Heritage, Volume 11, Number 3, Summer 1993 Page: 24
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Homolovi II: Archaeology
of an Ancestral Hopi
E. Charles Adams and Kelly Ann Hays,
editors. Anthropological Papers of the University
of Arizona, Number 55. University of
Arizona Press, Tucson, 1991. xi + 133 pp.,
Review by David Hill, a professional archaeologist
who works in the Southwest and specializes
in ceramic studies.
This monograph presents the findings
of excavations conducted in 1984 as part of
the interpretive program for Homolovi
State Park located approximately six miles
northeast of Winslow, Arizona.
Homol'ovi II is the largest of six large
13th and 14th century pueblos located
within the park area with 700+ rooms
outlining three plazas. These ruins also
play a role in the oral histories of several
Hopi clans. The name, Homol'ovi, derived
from Hopi, means "Place of Buttes,"
specifically referring to several buttes surrounding
The first chapter presents an overview
of regional prehistory based on an archaeological
inventory and limited excavation
within the park and other work in
the Winslow and Little Colorado areas.
This chapter also presents the research
methods that directed the fieldwork described
in the second chapter. These data
recovery methods included both limited
excavation and a systematic surface collection.
Chapter 2, by John H. Madsen and
Kelly Ann Hayes, presents the results of
the excavation conducted of five adjacent
rooms and an exterior activity area. As the
Homol'ovi sites are easily accessible, they
have been subjected to extensive looting
and casual collection. All of the rooms
showed evidence of pot-hunting, yet intact
floor features and assemblages were recovered
from at least part of each room.
Chapter 3, by Kelly Hayes, begins the
24 HERITAGE * SUMMER 1993
analysis of materials recovered during the
excavation and surface collection with the
ceramic analysis. Analysis of the ceramics
focused on typology for temporal control
and the recognition of locally produced
versus imported ceramics as based on technological
studies such as petrography and
neutron activation analysis. It was found
that while the majority of the utility ware
and Winslow Orange Ware were produced
locally, the majority of the decorated ceramics
were derived from the Hopi Mesas.
Chapter 4, by Patricia L. Crown and
Ronald L. Bishop, presents data from an
ongoing research program examining the
sources of production of Gila Polychrome,
a ceramic type found throughout much of
the northern southwest during the 14th
century using Instrumental Neutron Activation
Chapter 5, by Lee Fratt, presents the
Ground Stone analysis. Unlike most such
analysis that often consists of simple measurements
and comparisons with other
assemblages, this one was based on extensive
experimental production and use of
ground stone tools to establish functional
Chapter 6, Alan P. Sullivan and John
H. Madsen, focuses on the chipped stone
assemblage. Due to the abundance of the
material only a sample of the surface collection
was analyzed. Lithic technology
was dominated by flake production from
materials derived from the terraces of the
Chapters 7 and 8 describe the botanical
remains, consisting of both pollen (Suzanne
K. Fish) and flotation (Charles H.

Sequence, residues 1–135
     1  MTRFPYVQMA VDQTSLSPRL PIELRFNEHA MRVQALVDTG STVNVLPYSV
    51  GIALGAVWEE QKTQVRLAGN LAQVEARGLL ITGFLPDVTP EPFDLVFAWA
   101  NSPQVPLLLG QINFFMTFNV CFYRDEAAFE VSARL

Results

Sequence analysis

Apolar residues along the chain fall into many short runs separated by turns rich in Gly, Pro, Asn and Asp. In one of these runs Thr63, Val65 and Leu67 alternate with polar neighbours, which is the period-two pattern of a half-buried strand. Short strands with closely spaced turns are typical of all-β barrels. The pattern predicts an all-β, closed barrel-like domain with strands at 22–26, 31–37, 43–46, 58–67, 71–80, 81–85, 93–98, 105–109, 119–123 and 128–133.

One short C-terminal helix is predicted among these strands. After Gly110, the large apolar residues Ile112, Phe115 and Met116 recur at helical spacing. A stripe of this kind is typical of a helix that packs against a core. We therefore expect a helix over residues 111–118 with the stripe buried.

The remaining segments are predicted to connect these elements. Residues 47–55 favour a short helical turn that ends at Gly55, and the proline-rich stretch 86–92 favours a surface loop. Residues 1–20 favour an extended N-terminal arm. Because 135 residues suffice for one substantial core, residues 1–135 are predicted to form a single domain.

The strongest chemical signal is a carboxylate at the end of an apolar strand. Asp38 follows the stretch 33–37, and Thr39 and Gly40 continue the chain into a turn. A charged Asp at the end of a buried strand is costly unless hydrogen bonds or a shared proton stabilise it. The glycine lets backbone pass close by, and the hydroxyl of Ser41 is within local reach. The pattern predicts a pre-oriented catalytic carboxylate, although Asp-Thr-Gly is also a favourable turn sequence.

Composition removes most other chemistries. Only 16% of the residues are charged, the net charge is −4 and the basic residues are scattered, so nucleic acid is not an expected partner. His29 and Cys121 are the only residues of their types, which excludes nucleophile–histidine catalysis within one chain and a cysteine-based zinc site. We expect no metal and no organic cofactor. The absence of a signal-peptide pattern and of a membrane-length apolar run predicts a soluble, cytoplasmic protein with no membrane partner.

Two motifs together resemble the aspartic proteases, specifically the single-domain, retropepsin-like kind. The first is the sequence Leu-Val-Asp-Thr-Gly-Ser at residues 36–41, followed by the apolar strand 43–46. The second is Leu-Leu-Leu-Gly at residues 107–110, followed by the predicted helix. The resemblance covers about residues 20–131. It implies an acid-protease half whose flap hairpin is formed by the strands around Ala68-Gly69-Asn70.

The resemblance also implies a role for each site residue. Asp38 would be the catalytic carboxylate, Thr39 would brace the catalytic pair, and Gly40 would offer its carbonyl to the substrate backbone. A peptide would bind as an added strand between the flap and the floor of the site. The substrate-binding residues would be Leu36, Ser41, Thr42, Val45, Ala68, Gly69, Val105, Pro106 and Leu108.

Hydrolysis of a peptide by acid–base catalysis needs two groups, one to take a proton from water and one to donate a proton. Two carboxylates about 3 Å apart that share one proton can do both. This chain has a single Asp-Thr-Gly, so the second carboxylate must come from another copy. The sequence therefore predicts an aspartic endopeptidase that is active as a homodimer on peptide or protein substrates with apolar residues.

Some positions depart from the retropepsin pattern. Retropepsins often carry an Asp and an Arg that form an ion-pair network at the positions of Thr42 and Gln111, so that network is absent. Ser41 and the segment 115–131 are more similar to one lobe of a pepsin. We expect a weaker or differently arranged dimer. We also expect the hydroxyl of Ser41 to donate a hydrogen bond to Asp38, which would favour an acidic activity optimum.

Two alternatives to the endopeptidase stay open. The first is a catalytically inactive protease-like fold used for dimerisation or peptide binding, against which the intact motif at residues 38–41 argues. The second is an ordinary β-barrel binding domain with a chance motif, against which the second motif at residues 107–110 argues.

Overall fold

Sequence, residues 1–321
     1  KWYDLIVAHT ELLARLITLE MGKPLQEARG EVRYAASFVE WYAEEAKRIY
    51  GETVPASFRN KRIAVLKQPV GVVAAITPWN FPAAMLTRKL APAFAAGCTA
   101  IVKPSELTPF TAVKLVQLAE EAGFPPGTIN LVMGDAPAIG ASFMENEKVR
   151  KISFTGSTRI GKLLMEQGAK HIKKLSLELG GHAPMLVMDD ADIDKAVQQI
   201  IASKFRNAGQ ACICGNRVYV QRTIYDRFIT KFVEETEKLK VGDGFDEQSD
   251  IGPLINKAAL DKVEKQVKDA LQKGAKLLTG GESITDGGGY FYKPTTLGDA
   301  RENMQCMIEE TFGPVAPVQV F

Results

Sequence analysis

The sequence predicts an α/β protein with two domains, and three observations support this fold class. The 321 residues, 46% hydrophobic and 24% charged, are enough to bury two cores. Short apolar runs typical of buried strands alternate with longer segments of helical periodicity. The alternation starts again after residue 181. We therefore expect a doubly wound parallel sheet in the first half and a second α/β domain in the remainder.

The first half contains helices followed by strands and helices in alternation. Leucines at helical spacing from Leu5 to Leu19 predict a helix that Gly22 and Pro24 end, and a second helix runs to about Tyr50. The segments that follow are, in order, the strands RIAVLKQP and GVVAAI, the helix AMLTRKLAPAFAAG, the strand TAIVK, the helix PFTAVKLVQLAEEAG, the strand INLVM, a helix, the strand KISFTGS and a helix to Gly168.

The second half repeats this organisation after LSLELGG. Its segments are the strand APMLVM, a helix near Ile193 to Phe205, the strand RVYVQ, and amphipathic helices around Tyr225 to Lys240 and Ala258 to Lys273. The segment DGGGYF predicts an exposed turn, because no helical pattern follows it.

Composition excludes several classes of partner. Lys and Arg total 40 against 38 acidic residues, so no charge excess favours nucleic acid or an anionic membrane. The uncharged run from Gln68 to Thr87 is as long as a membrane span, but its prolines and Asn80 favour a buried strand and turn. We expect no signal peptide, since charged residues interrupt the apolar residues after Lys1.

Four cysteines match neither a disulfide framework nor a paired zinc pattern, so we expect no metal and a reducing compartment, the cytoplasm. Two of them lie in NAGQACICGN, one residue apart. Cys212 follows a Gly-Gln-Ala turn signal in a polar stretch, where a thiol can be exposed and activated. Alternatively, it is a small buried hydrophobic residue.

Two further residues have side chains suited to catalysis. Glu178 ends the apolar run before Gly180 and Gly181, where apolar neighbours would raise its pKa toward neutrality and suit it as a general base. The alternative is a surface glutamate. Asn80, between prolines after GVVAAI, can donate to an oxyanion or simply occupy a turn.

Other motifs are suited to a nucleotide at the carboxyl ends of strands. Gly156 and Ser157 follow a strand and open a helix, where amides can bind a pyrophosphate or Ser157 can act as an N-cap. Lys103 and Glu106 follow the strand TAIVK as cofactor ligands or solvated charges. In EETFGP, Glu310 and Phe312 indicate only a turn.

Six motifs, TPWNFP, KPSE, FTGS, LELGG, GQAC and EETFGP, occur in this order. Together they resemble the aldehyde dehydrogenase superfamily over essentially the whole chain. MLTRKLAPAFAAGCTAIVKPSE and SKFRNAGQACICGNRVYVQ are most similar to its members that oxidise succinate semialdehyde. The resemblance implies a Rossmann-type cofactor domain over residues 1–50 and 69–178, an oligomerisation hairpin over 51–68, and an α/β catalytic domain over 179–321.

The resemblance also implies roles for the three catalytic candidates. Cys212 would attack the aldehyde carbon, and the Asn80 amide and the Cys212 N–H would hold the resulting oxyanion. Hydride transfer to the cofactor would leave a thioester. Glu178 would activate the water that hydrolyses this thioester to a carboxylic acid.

Miksicek), recovered from the features in
the rooms and exterior work area. Corn
was almost ubiquitous throughout the
deposits, including a large amount from
the remains of a burned room that had
been cleaned out and dumped in the exterior
activity area. Cotton, along with
edible wild plants, was also recovered.
Chapter 8 (Christine R. Szuter) presents
a short description of the faunal remains,
mostly representing locally available
Sharon Urban presents in Chapter 9
the limited shell assemblage. Shells from
the Gulf of California, thought to have
been introduced through trade with the
Hohokam, and mussels from the Little
Colorado River adjacent to the site were
Chapter 10, by E. Charles Adams, presents
a synthesis of the research conducted
at Homol'ovi II highlighting the evidence
for extensive trade in Hopi yellow ware that
completely replaced the locally produced
decorated ceramics. The distribution of
Hopi yellow wares at the site suggests equal
access to these vessels. Cotton may have
been the item exchanged for the Hopi ceramics.
Future research in understanding
the evolution of the local settlement system
is also outlined. Unfortunately this section
is too short and almost appears as an afterthought
as is a short discussion of the relationship
of the Katsina Cult to social integration
of the large communities.
Kelly Hayes presents an appendix of
miscellaneous artifacts that did not fall into
Scholars interested in the formation of
large 14th century communities in the
southwest will be interested in this volume.
The ceramic chapter provides new descriptions
of several pottery types that were
previously described in now out-of-print
volumes as well as the description of new
types. Lee Fratt's chapter on ground stone
artifacts will probably appeal to archaeologists
everywhere since it provides a methodology
for the analysis of a usually intractable
class of artifacts. We can look forward
to future research from the Homol'ovi Research
The Cheyenne and Arapaho
Ordeal: Reservation and
Agency Life in the Indian
DonaldJ. Berthrong, University of Oklahoma
Press, Norman, Oklahoma [19761.
Review by R.B. Brown, a research professor
for the Instituto Nacional de Antropologia e
Historia and caretaker of Paquime in Casas
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